6. Wear a thermal protection buoyant suit or a lifejacket.
    • If you don’t have a thermal protection buoyant suit, wear a lifejacket or PFD over your snowmobile suit or layered winter clothing to increase your survival chances if you go through the ice.
  7. Take safety equipment with you.
    • Pack ice picks, a rope and a small personal safety kit (i.e., a pocket knife, compass, whistle, fire starter kit and cellphone) in your pockets or backpack.
  8. Avoid alcohol.
    • Alcohol impairs your judgment, coordination and reaction time and speeds up the onset of hypothermia.
  9. Don't drive on ice if you can avoid it. If you can’t avoid it, have an escape plan.
    • Open your windows, unlock your doors and turn on available lights to allow for a quick escape from your vehicle. Some ice safety experts recommend that you have your seatbelt unfastened and your door slightly ajar to speed up an escape. Don't wear a lifejacket while riding inside an enclosed vehicle; the extra bulk and flotation could hamper your escape through a window.
  10. Always supervise children playing on or near ice.
    • Children playing on or near ice should always be with a companion and under adult supervision.

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Slip, Trip and Fall

As a homeowner, you’re responsible for keeping your property and areas such as stairs, walkways and driveways reasonably safe for people who use them. Before a courier, babysitter, delivery person or repair technician visits, be on the lookout for common hazards such as:

  • Ice and snow – use salt, shovel and/or sand to keep walking surfaces clear within bylaw timeframes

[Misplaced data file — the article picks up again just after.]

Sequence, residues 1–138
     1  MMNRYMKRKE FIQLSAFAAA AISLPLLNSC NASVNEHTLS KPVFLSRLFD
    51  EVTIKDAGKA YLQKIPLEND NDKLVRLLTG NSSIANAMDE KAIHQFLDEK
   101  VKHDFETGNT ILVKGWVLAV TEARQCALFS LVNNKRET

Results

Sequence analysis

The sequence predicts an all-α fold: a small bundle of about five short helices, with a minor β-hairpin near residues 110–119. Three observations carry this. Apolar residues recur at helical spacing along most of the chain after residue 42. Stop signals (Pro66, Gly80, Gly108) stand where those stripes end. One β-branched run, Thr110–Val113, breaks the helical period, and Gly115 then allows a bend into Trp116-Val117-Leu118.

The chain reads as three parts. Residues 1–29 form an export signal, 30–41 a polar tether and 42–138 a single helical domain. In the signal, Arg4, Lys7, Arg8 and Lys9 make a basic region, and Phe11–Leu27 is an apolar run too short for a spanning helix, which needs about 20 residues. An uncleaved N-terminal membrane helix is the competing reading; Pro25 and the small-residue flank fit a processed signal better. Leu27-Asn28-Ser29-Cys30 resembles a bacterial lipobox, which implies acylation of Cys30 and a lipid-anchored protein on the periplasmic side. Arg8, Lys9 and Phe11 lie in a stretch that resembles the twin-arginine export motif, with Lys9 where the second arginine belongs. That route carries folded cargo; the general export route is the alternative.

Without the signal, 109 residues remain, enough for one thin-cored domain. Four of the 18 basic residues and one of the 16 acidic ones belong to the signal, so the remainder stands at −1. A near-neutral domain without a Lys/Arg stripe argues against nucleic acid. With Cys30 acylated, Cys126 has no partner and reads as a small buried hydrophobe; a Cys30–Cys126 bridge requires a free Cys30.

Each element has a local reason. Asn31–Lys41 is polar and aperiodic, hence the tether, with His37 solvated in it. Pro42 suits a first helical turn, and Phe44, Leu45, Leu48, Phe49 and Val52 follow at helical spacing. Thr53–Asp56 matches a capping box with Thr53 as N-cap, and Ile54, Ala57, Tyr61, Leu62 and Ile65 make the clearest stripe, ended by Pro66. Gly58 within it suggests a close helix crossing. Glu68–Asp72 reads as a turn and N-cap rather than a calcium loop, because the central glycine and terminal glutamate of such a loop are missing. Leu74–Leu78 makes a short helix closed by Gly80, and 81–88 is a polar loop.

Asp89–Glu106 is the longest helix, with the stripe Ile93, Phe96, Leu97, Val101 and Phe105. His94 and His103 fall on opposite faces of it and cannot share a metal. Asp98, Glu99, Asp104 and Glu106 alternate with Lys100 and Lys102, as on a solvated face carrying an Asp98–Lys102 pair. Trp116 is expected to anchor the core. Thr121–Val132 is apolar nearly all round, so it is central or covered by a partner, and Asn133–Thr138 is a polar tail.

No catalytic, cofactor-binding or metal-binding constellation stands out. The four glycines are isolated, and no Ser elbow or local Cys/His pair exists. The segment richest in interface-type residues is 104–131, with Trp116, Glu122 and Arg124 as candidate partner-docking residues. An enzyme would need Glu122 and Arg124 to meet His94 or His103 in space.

• Unexpected elevation changes, surface cracks or gaps – fix issues within your property line and/or report issues on municipally-owned property such as uneven sidewalks
  • Slippery surfaces such as wet floors or tile flooring – put down a non-slip covering
  • Missing or loose handrails on stairs – arrange repairs
  • Debris such as slippery and wet fall leaves – keep walking paths clear
  • Lighting – ensure all areas are adequately lit

Your Legal Liability

You may be held liable for slips, trips and falls if you don’t provide a reasonable standard of care in keeping your property free from hazards. If you are hosting a yard or garage sale, consider what you can do to prevent the potential for harm.

As a tenant, liability may be shared with your landlord. Who is held liable depends on the circumstances of the loss. The following criteria are considered:

  • Was the danger foreseeable?
  • Was the homeowner’s conduct in accordance with acceptable standards of practice?
  • Did the danger exist for an unreasonable amount of time?
  • How easily could the danger have been prevented?